NTSB Identification: SEA04FA173.
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Accident occurred Sunday, August 29, 2004 in Kalispell, MT
Probable Cause Approval Date: 10/27/2005
Aircraft: Beech C35, registration: N63AC
Injuries: 2 Fatal.

NTSB investigators either traveled in support of this investigation or conducted a significant amount of investigative work without any travel, and used data obtained from various sources to prepare this aircraft accident report.

The 1,323 hour private pilot had successfully passed a biennial flight review approximately one hour before the accident. The flight instructor who administered the check flight quizzed the pilot for more than two hours before the flight, emphasizing the importance of his knowledge of the fuel system. After preflighting the airplane and visually checking that the left main fuel tank was full and the right main tank was nearly full, the instructor and the pilot departed on the check flight with the fuel selector in the "Left Hand Tank" position. After the 1.2 hour check flight was completed satisfactorily, the instructor further quizzed the pilot, culminating with the instructor advising the pilot to check his fuel before departing on a local flight for the purpose of making multiple touch and go takeoffs and landings. There was no record to indicate that the pilot had refueled prior to the accident flight. While in the traffic pattern turning from downwind to base leg witnesses heard the engine emit a loud bang, sputter, hesitate, and then go silent before banking left and going straight down. A postaccident examination revealed that the left main fuel tank, right tip tank, and center tank were intact, while the right main fuel tank and left tip tank were breached. The aircraft was leveled and approximately 5 gallons of fuel was drained from the left main tank, 2 gallons drained from the right tip tank, and 1 gallon drained from the center tank. The fuel selector handle, which was placarded, was found half way between the "OFF" position and the "Right Hand Tank" position. The fuel screen was removed and found to be clean. The fuel gage indicator selector was in the #2, "Left Hand Tank" position. The airplane's fuel system consisted of two 20 gallon main tanks in each wing, 17 usable in each tank, and one 10 gallon auxiliary tank and two 15 gallon wing tip tanks, all of which was usable. There were no records to indicate when the airplane was last refueled prior to the instructional flight. Manufacturer instructions state that when operating the fuel selector, the pilot must feel for the detent position. A FAA airworthiness directive issued in 1999 as a result of reports of engine stoppage due to the incorrect positioning of the fuel selector, was rescinded in 2000. The airworthiness directive required installing a placard on the fuel tank selector to warn of the no-flow condition that exists between the fuel tank detents. Examination of the airframe and engine did not reveal any anomalies that would preclude operation prior to the accident.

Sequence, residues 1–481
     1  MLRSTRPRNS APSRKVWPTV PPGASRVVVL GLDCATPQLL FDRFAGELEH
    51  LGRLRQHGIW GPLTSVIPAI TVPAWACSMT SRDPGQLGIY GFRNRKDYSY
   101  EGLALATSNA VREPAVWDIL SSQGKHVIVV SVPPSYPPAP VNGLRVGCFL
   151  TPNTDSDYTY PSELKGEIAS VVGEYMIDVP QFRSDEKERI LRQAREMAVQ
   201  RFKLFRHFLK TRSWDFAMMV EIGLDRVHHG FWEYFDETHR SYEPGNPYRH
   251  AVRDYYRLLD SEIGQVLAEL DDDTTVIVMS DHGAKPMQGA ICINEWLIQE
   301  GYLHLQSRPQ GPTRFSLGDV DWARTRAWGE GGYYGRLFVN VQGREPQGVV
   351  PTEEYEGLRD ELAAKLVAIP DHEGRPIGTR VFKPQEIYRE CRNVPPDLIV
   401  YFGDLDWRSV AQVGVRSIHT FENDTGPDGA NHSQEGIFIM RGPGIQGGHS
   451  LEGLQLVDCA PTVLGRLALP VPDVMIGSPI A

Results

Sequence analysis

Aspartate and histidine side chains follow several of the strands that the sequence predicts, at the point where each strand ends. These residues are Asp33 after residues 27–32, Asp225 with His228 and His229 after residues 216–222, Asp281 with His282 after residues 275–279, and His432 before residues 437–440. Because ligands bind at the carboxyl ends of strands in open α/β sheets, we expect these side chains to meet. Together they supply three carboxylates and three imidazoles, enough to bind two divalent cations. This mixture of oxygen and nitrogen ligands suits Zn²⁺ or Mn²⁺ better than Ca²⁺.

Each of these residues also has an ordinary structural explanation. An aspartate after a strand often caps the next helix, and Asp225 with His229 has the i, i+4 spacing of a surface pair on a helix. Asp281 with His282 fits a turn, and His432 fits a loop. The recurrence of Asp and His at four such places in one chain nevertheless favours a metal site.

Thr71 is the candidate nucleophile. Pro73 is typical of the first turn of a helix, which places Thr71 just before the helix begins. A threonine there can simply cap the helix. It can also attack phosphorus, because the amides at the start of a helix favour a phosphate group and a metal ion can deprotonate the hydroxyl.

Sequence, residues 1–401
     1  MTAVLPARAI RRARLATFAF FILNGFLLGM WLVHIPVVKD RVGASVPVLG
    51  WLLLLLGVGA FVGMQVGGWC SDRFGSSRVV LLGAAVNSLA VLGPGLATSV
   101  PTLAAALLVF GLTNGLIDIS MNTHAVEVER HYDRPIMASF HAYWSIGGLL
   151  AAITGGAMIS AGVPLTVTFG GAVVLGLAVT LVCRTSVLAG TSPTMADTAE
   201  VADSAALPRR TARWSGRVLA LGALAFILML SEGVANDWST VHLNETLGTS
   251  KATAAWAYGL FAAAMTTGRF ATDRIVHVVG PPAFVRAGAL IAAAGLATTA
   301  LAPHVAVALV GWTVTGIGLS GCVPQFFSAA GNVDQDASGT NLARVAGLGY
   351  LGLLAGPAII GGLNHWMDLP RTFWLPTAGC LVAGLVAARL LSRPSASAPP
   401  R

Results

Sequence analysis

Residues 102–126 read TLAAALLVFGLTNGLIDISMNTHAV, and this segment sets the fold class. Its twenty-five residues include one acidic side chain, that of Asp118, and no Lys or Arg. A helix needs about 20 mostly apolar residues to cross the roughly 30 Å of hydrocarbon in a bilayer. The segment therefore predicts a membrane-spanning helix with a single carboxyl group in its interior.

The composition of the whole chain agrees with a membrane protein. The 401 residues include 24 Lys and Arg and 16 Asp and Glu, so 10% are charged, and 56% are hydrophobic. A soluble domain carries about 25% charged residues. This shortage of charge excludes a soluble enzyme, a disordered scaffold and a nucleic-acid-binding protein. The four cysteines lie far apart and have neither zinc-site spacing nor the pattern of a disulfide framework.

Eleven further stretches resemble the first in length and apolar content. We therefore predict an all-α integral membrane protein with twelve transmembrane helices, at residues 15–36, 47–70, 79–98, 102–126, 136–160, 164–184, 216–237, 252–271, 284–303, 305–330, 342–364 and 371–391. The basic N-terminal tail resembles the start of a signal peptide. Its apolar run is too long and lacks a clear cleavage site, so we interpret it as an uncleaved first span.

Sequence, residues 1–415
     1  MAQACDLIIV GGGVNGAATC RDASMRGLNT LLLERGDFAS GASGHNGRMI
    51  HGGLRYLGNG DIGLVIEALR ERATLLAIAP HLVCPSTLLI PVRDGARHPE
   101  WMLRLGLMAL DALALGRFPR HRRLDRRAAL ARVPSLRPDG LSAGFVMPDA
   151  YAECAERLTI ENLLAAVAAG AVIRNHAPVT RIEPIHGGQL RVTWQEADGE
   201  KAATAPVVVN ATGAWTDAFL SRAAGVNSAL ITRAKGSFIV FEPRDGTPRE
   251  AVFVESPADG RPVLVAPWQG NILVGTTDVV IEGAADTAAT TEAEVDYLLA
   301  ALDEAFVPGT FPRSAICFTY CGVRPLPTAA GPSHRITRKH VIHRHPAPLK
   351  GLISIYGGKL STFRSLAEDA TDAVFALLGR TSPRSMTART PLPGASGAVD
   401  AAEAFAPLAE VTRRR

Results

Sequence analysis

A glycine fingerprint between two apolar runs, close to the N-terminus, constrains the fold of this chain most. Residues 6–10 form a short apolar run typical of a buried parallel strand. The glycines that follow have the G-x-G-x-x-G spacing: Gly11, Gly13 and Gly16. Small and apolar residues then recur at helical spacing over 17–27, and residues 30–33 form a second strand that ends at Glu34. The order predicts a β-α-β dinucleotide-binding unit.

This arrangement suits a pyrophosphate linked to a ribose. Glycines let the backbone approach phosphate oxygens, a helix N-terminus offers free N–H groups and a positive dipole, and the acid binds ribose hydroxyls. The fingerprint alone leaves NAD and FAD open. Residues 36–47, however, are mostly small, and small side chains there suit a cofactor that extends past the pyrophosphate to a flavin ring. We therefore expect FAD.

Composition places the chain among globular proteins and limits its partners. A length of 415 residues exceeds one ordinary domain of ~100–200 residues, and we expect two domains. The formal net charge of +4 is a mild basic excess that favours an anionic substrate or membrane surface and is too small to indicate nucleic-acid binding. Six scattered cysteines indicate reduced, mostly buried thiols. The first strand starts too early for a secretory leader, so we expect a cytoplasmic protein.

The National Transportation Safety Board determines the probable cause(s) of this accident to be:

The pilot's improper positioning of the fuel tank selector, which resulted in fuel starvation and a subsequent loss of engine power while maneuvering.

Full narrative available

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